Notice

Colin Mills, compiler of the Hortus Camdenensis, died in late November 2012 after a short illness. As he always considered the Hortus his legacy, it is his family's intention to keep the site running in perpetuity. It will not, however, be updated in the near future.

Prunus domestica ‘Coe’s Golden-Drop’

A Prunus domestica L. cultivar. ‘Branches smooth. Leaves with two globular glands at the base. Fruit oval, of the largest size among Plums, about two inches and a half long, and two inches in diameter, deeply marked by the suture, pitted at the point, abruptly tapering and hollowed out at the base for the reception of the stalk. Stalk three quarters of an inch long, slender. Skin greenish yellow, with numerous rich spots of bright violet red next the sun. Flesh greenish yellow, adhering firmly to the stone. Juice very sweet and delicious. Stone sharp-pointed. Ripe the end of September, and will hang some time upon the tree after it is matured.

This will keep for a considerable length of time, after it is gathered, either by suspending it by the stalk upon a string, withinside a window facing the sun, or by wrapping it in soft paper, and keeping it in a dry room. By this latter method, I have eaten it exceedingly good in October, twelve months after it had been gathered.’ [George Lindley – Orchard Guide p.462/1831].

 

Horticultural & Botanical History

There are somewhat conflicting opinions of its origin. ‘Of all the Plums of any modern origin, this and the Washington [which see], already figured in this work, are not only by far the best, but perhaps superior to any of the oldest varieties. This was raised by a gardener of the name of Coe, at Bury St. Edmunds, in Suffolk, about twenty years since; but from the stone of what variety is not known. It is very handsome, ripens about the end of September, and will shrivel and keep in a good state for more than a month later; indeed, if properly dried, it will keep as well as the best Imperatrice Plums. It is a great bearer; but should be trained upon a west or east wall to ensure a crop.’ [PM t.57/1829].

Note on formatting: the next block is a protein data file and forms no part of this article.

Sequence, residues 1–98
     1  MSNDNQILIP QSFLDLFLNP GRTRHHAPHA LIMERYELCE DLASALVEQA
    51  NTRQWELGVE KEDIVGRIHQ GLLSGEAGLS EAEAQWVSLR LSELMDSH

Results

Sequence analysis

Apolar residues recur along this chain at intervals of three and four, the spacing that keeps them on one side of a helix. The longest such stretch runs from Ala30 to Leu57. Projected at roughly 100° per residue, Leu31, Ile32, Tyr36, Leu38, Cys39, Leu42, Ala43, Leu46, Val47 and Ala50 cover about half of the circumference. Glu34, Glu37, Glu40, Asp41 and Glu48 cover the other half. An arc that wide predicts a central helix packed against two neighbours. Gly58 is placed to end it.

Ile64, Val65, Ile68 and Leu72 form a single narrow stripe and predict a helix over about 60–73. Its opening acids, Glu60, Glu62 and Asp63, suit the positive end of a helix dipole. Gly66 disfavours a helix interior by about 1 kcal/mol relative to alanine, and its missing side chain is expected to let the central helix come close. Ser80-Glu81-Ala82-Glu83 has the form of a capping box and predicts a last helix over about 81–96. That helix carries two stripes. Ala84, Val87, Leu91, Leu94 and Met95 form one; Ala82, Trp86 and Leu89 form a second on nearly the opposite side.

‘It was raised by the late Jervaise Coe, a market gardener at Bury St. Edmund's, in Suffolk, more than thirty years ago. He informed me it was from the stone of a Green Gage, the blossom of which, he supposed, had been fertilised by the White Magnum Bonum, the two trees of which grew nearly in contact with each other in his garden. It requires an east or a west wall; on the former the fruit attains its greatest perfection.’ [George Lindley – Orchard Guide p.462/1831].

‘This plum is known in some collections, under the name of the Bury Seedling, or Coe’s Seedling; and is said to have been raised from seed by Mr. Coe, at Bury, in Norfolk.  In opposition to the statement, that it is a variety of very recent origin, it is asserted, that a tree, of at least fifty years’ growth, was cut down in the garden of Mr. Scholey, at Putney, about five years ago. The specimen from which the annexed Plate was taken, ripened on a west wall, in the Royal Garden at Hampton Court, in September 1813.  It may be confidently recommended as superior to any late Plum at present in the British Isles.’  [PL vol.1, pl.14/1818]. This is the illustration used here.

‘Golden Drop is seemingly fit for all purposes to which plums are put for dessert, cooking, canning, preserving and prune-making. For the last named purpose it is unsurpassed for a light colored prune of large size, readily selling at a fancy price in delicatessen stores. The fruit when carefully picked and handled keeps for a month or more, shrivelling somewhat but retaining its flavor and pleasing flesh-characters.’ [Plums of New York p.229].

Also figured in Pomologia Britannica [PB pl.XVIII/1812].

 

History at Camden Park

Listed in all published catalogues as ‘Coe’s Golden-drop’ [Plum no.1/1843]. On 24th December 1844 Macarthur wrote to John Bailey of Adelaide on the quality of plums: ‘out of the eight other sorts we cultivate [other than the Greengage] we consider Coe’s Golden Drop to be superior and one or two others to be nearly equal.’ [MP A2933-2, p.25/1844].

 

Notes

Published May 27, 2010 - 01:21 PM | Last updated Jul 22, 2011 - 10:45 AM

Figured is a yellow-skinned plum with red dots, and ovate leaves. Pomona Londinensis pl.14, 1818.

Prunus domestica ‘Coe’s Golden-Drop’ | PL vol.1, pl.14/1818 | HAAB

Family Rosaceae
Category
Region of origin

Garden origin, England

Synonyms
  • Coe’s Imperial
  • Bury Seedling
  • Fair’s Golden Drop
Common Name

Dessert Plum, Culinary Plum, Keeping Plum, autumn

Name in the Camden Park Record

Coe’s Golden-drop 

 

Confidence level

high